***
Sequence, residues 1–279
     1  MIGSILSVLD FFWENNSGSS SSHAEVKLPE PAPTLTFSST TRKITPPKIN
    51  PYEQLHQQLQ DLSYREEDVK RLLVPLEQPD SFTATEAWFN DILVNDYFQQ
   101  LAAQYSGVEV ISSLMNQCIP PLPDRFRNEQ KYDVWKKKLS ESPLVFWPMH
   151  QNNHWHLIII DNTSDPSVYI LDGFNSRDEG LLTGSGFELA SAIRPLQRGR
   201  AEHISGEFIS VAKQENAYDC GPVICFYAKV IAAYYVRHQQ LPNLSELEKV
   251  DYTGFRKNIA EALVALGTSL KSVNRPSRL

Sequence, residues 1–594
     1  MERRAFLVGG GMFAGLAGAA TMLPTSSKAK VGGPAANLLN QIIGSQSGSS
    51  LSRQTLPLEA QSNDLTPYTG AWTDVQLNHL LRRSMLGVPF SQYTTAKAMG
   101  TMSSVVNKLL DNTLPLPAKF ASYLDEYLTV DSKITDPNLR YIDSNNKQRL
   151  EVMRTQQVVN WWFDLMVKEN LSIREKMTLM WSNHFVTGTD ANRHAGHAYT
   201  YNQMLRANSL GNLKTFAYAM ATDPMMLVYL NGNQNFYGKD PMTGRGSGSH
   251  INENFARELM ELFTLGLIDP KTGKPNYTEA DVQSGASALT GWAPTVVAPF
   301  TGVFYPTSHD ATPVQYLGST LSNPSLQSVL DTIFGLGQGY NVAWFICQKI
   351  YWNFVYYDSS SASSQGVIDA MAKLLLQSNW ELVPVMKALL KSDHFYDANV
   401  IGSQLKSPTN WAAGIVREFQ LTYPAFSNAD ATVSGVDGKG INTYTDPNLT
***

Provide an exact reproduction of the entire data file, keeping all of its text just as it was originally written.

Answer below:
Sequence, residues 1–279
     1  MIGSILSVLD FFWENNSGSS SSHAEVKLPE PAPTLTFSST TRKITPPKIN
    51  PYEQLHQQLQ DLSYREEDVK RLLVPLEQPD SFTATEAWFN DILVNDYFQQ
   101  LAAQYSGVEV ISSLMNQCIP PLPDRFRNEQ KYDVWKKKLS ESPLVFWPMH
   151  QNNHWHLIII DNTSDPSVYI LDGFNSRDEG LLTGSGFELA SAIRPLQRGR
   201  AEHISGEFIS VAKQENAYDC GPVICFYAKV IAAYYVRHQQ LPNLSELEKV
   251  DYTGFRKNIA EALVALGTSL KSVNRPSRL

Sequence, residues 1–594
     1  MERRAFLVGG GMFAGLAGAA TMLPTSSKAK VGGPAANLLN QIIGSQSGSS
    51  LSRQTLPLEA QSNDLTPYTG AWTDVQLNHL LRRSMLGVPF SQYTTAKAMG
   101  TMSSVVNKLL DNTLPLPAKF ASYLDEYLTV DSKITDPNLR YIDSNNKQRL
   151  EVMRTQQVVN WWFDLMVKEN LSIREKMTLM WSNHFVTGTD ANRHAGHAYT
   201  YNQMLRANSL GNLKTFAYAM ATDPMMLVYL NGNQNFYGKD PMTGRGSGSH
   251  INENFARELM ELFTLGLIDP KTGKPNYTEA DVQSGASALT GWAPTVVAPF
   301  TGVFYPTSHD ATPVQYLGST LSNPSLQSVL DTIFGLGQGY NVAWFICQKI
   351  YWNFVYYDSS SASSQGVIDA MAKLLLQSNW ELVPVMKALL KSDHFYDANV
   401  IGSQLKSPTN WAAGIVREFQ LTYPAFSNAD ATVSGVDGKG INTYTDPNLT